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Venezuela Withstands US Supported Coup D'Etat
Stirling Newberry

For those who watch CNN or Fox News, the most important stories on Saturday April 13, other than sports of course, were the 90 anniversary of the Titanic, along with an auction of Jerry Garcia's guitar and Colin Powell's trip to Israel, perhaps you caught Al Gore's speech on C-Span2. Worthy stories all, but nothing was broadcast live from one of the most dramatic stories of the year - the coup and counter-coup in Venezuela.

For those unfamiliar with the place, a quick recap. Venezuela is a country approximately the size of Texas, whose economy relies on being an oil exporter. A member of OPEC and trade partner of the US, it has been burdened for decades by the problems that many resource economies have. Oil is the only real source of foreign currency, and it is a vast river of corruption which is controlled by a few families. The lower classes are trapped in crushing rent-poverty, the cities plagued by very high crime, and it has a political class which has traditionally allied with whoever offered the most effective way to pillage the people and extract bribes.

In 1998, former paratrooper - and attempted coup leader - Hugo Chavez was swept to power with a constitutional mandate in the Assembly to change society. His methods were a brusque implementation of a socialist agenda, including gaining a grant of sweeping powers from the National Assembly, flirting with Cuba and Iraq as potential allies, and arranging a reduction in oil production that OPEC has followed over the last two years - producing just enough oil, but not too much. His plan was to tax oil revenues and spend the money on reviving the rest of the economy, developing the rest of the society, and breaking up the huge estates, left over from Spanish colonialism two centuries ago.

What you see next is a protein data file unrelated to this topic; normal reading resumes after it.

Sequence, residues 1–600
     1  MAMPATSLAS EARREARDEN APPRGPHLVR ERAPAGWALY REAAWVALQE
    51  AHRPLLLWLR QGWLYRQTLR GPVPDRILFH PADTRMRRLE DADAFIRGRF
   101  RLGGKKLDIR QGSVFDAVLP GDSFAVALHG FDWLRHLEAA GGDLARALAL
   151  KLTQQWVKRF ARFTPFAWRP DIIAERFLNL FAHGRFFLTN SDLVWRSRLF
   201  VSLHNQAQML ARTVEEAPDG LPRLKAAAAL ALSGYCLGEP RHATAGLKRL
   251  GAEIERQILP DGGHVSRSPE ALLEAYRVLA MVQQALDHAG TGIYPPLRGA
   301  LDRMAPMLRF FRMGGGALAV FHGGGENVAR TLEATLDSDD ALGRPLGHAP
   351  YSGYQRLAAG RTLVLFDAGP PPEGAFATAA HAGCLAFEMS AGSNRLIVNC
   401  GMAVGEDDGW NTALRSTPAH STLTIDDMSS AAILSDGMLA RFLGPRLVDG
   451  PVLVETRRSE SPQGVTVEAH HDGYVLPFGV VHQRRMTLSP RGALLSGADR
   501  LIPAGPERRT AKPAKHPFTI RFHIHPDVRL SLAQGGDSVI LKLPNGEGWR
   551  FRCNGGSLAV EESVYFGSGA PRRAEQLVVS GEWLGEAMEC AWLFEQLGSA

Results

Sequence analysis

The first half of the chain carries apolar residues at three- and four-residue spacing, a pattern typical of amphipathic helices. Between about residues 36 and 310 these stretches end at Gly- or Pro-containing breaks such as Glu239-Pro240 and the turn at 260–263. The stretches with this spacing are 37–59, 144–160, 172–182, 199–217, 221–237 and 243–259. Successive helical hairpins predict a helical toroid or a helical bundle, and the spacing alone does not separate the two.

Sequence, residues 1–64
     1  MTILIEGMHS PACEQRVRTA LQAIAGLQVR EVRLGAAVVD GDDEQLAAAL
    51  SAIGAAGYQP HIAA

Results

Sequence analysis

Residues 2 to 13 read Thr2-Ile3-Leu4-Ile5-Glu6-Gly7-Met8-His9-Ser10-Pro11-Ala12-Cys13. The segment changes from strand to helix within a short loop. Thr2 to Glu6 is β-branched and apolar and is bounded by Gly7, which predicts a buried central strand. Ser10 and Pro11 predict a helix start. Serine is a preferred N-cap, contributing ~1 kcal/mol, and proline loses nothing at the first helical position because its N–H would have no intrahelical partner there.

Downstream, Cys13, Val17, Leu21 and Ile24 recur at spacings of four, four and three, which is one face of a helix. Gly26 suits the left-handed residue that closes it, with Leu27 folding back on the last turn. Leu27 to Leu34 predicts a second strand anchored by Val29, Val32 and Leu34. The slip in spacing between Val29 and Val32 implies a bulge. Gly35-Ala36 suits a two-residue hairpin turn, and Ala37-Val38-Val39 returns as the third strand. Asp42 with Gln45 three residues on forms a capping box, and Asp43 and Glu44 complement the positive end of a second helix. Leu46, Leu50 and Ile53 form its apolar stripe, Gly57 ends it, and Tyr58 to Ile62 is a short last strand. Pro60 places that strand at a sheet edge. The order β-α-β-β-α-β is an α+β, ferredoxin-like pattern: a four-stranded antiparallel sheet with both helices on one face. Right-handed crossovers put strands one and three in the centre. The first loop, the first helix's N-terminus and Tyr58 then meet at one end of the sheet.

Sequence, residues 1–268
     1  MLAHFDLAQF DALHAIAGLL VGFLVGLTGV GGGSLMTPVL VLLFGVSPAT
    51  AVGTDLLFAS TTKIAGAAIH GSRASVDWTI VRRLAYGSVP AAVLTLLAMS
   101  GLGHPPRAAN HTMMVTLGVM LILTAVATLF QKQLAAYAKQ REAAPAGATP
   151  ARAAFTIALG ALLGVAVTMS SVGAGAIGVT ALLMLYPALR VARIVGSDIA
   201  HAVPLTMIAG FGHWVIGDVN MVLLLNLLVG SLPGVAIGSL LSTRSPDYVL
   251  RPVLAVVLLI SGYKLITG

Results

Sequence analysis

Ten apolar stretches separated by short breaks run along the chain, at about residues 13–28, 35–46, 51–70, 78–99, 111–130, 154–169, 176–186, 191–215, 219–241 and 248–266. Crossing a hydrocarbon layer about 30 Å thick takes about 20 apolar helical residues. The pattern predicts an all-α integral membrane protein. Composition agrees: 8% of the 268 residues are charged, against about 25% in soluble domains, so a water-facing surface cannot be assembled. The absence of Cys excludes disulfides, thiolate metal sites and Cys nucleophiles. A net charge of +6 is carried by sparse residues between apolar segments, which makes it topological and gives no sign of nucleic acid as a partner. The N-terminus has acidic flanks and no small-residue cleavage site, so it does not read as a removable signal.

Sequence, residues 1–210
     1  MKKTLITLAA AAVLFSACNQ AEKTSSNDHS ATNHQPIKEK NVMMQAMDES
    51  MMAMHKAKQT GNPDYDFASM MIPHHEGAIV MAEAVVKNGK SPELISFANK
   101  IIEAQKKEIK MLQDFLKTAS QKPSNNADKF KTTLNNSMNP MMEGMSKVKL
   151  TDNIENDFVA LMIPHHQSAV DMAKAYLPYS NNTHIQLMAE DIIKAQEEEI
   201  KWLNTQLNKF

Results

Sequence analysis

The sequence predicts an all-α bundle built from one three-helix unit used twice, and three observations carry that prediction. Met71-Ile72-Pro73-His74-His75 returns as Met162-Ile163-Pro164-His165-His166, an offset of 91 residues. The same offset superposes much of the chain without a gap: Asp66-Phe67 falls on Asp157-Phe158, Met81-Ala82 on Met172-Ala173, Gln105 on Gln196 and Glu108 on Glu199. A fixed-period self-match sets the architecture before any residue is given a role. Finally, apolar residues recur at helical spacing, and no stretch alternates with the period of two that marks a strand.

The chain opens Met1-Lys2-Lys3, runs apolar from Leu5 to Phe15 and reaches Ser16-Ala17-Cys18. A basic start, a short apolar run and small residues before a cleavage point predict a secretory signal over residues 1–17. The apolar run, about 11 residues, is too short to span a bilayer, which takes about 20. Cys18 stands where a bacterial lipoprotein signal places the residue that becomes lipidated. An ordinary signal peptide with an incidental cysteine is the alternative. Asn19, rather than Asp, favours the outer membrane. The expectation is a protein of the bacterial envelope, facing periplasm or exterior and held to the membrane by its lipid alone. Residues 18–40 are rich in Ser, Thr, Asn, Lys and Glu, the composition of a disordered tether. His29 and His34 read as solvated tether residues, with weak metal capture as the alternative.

Chavez implemented a new constitution, renamed the country the "Bolivaran Republic of Venezuela" after liberator Simon Bolivar, and used near-decree rule to put forward his economic plan. His failures proliferated - he was unable to root out corruption in his own party, he was unable to stop the crime, he was unable to push through key reforms. Even though he was given a mandate under the new constitution, his popularity plummeted. Part of his problem was entrenched resistance to change, which centered in the families holding the power in the media, and the oil unions whose members knew that they would no longer be the only well-paid workers in a cheap economy.

In the last few months, as oil prices drifted, and his attempt to tax the oil revenues stalled, the reactionary forces against him began executing a bold plan - constant media harassment, including outright lies and constant repetition of one-sided stories, combined with a strike by the oil unions which hobbled the economy.